Mittwoch, 26. Juli 2006

The teacher's role in Japan

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In Japan, a teacher (sensei) is conscious of the expectations of his work that are predominant in the public. He is not only expected to assure the children’s right to receive education, but also to have to fulfil a huge scope of duties holding a wider role and responsibility than in the West.

Japanese teachers work very hard and often feel overworked because of an enormous number of lessons a week and the additional tasks inside and outside school. Some even fear “karoshi”, meaning death from overwork. In 1993, the time of classroom teaching was 16.8 hours for high-school teachers, 19.7 hours for middle-school teachers and 26.5 hours a week for primary-school teachers. This is in fact not too much but Japanese teachers also have a lot of supplementary tasks. For example, high- and middle-school teachers are often required to give additional lessons in which students are prepared for the 'examination hell' (the flood of entrance examinations to higher-level schools or universities) or to supervise students’ club-activities which take place in the afternoon (cf. OKANO/TSUCHIYA 1999, p.151-152). Another difference, compared to Western countries, is the excessive number of students per class. Teachers often face more than 35 in primary and middle school and they have to teach very heterogeneous classes (according to the students’ abilities) because of the missing separation at Japanese schools.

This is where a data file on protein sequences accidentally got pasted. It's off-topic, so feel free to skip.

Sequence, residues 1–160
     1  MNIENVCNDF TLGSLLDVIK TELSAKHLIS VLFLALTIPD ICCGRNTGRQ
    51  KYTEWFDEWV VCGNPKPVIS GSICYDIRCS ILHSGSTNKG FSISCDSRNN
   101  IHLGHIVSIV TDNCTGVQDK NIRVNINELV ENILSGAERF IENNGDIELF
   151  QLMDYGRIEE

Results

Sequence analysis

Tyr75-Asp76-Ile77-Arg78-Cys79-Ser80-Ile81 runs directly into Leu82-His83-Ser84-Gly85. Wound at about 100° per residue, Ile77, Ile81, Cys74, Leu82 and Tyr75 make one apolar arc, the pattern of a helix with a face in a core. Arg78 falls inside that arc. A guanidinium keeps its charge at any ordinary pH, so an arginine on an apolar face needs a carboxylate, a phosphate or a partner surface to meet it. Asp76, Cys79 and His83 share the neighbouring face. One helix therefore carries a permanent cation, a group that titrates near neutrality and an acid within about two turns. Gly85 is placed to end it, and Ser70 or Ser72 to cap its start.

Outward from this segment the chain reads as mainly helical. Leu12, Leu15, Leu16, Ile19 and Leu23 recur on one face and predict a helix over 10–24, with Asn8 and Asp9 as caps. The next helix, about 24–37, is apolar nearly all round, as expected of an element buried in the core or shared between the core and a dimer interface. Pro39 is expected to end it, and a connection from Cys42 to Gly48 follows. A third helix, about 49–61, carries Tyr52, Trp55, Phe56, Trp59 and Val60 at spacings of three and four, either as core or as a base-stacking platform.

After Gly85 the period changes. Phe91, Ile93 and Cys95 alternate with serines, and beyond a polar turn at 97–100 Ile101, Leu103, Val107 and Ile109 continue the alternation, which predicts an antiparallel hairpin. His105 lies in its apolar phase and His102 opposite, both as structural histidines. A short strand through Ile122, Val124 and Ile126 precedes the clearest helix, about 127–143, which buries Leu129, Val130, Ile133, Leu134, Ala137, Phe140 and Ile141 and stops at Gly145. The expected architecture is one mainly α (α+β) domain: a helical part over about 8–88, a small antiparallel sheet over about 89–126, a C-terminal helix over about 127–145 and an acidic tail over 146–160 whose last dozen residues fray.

Probably the strangest tasks (in the eyes of Western teachers) are things like guarding the campus and ordering the fuel oil. They are also partly responsible for their students outside school. Japanese students have to follow several rules in their leisure time: they are not allowed to smoke and to drink alcohol, to go to discos or to have a job by the side. In case of disregarding these rules, the teacher is obliged to inform the parents or even to make home visits (cf. SCHÜMER 1999, p. 34). As one can see from all this, the tasks of a Japanese teacher go far beyond giving lessons. It should be stressed that the situation for female teachers is even more strenuous because they are also responsible for housework and bringing up the children at home (as this has consequently remained the task of women in the Japanese society).